" Synchromysticism:
The art of realizing meaningful coincidence in the seemingly mundane with mystical or esoteric significance."

- Jake Kotze

August 8, 2011

The Man Who Drove With His Eyes Closed (Part 2)

In chapter one Dance of the Red Ants, Stephen (Barefoot Doc) writes about understanding
"the rhythm of life - not intellectually, but by feeling it in your body ... the yin and yang of Taoist philosophy".
Then he writes,"furthermore, you're able to shift the actual conditions of the everyday, simply by perceiving them differently".
Stephen writes,"as I stood there among the red ants on the red soil with the red bite on my foot, instinctively banging out the beat with the pine cones on the log, causing reverberations in the ground to radiate in ever-increasing circles (I could feel it), I noticed that the ants would keep a respectful distance.
But when I stopped, they'd start moving dangerously toward me.
It seemed obvious to me at that moment that such rhythmically induced vibration activation was a powerful tool for keeping the sting of life at bay, for keeping the disparate elements composing the everyday in order."
It struck me what a wonderful piece of wisdom this poetic image was.
That paragraph also brought back memories of one of my favorite childhood pop-songs, Ant Music by Adam and the Ants.
How primal is that?  
Adam, representing the first mythological man, and the Ants.
According to Stephen," Barefoot doctors were modest, noble, selfless characters who traveled humbly about the far-flung regions of ancient China and throughout Asia, their sole mission being to spread healing and cheerfulness wherever they went.
As necessary they would perform acupressure or acupuncture; do massage and manipulations, dispense medicinal herbs; draw magical talismans on the walls of homes to attract good fortune and fertility; sing songs, play music, and use voice and rhythm in a quasi-shamanic way with the help of lutes, flutes and percussion instruments; recite poetry to raise people's spirits; tell stories to illustrate Taoist philosophy and wisdom; and teach tai chi and chi-gung moves to make their devotees strong, clear and healthy."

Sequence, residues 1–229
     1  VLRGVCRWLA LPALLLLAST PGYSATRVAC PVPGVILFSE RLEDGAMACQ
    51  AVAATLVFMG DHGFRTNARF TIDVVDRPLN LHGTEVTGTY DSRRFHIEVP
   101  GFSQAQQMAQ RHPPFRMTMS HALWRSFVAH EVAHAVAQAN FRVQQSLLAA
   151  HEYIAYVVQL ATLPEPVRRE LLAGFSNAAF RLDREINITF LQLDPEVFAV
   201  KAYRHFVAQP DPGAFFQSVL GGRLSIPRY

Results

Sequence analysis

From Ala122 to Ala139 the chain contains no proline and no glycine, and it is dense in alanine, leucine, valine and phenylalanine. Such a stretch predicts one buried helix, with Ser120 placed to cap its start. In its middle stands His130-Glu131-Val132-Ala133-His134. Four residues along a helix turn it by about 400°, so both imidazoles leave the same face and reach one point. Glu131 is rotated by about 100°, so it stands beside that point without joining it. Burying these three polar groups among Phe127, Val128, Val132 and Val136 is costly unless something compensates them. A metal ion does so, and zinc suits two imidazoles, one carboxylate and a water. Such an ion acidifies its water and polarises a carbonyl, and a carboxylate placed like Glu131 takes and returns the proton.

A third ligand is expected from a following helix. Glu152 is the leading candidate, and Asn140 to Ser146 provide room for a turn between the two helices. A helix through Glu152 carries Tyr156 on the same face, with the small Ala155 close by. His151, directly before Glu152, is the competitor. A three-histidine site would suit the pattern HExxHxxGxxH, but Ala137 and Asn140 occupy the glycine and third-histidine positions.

Sounds like my kind of job ... better than driving forklifts all day long;-)
The Man Who Forked with His Eyes Closed?
 He writes,"like the fool in the tarot deck, I was just innocently following my fascination from day one with an insatiable lust for the keys to what I'd now call hyper-reality, or the Tao".
That sounds like how I would describe my own quest through life, as well.
I have always been attracted to the Asian religions and I like using a term like "The Tao" instead of the word God .
Not that I don't believe in a God like being, it's just that the word "God" always seems to be used as a term for a masculine deity, instead of a force that is equal parts both male and female, or neither.
To me the idea of "The Tao" is a much  better term for the idea of "God" than what seems to be portrayed as the idea of God in the mainstream Judaic/Christian teachings.
This is the Taoist temple that I always
 wanted to worship in as a kid.
When I was a boy of around 9 or 10, I used to go to the horse races in Brisbane with my father and I remember passing a Taoist temple and  watching the Chinese worshipers going in and out of the temple and watching the incense wafting out the door and thinking I wish I could go in there and burn incense too and pray to God with them. 
And I just loved TV shows like Kung-Fu and The Samurai.
I always had this feeling as a kid that I had lived in such times in Asia, not that I had any concrete memories of a particular life, but the culture seemed familiar to me in a sentimental way. 
Chapter 2: The Sacred Om is about  how he heard something that sounded like, "a million lamas chanting om, transposed approximately 50 octaves below normal human hearing levels"
He writes about growing up in North London (were my favourite football team Tottenham Hotspur are based ... I don't know if he follows them or not ) and his love of The Beatles and Pink Floyd (two of my favourite bands, by the way) Cream, The Rolling Stones and Jimi Hendrix ( yeah ... not bad;-)
His main idea in this chapter is that it all keeps coming back to sound and vibration.

Chapter 3: Swinging London starts off talking about his experiences in the "Swinging 60's" of  growing up and meeting people in London and watching Yellow Submarine at a local cinema stoned on pot (maybe a good idea, because I watched it sober and didn't really like it all that much ... maybe I should give it a viewing in sense-a-round too someday;-)
After talking about some colourful characters he meets at that time in London, he concludes the chapter with a sentiment that I've always believed,"You just never know the effect you'll have on others when you step out of the house in the morning".

Chapter 4: Opening Up To What I Was Becoming is where it starts picking up synchro wise for me, but I'll write about that in
The Man Who Drove with His Eyes Closed (Part 3).

Trust Your Own Way?

No comments:

Post a Comment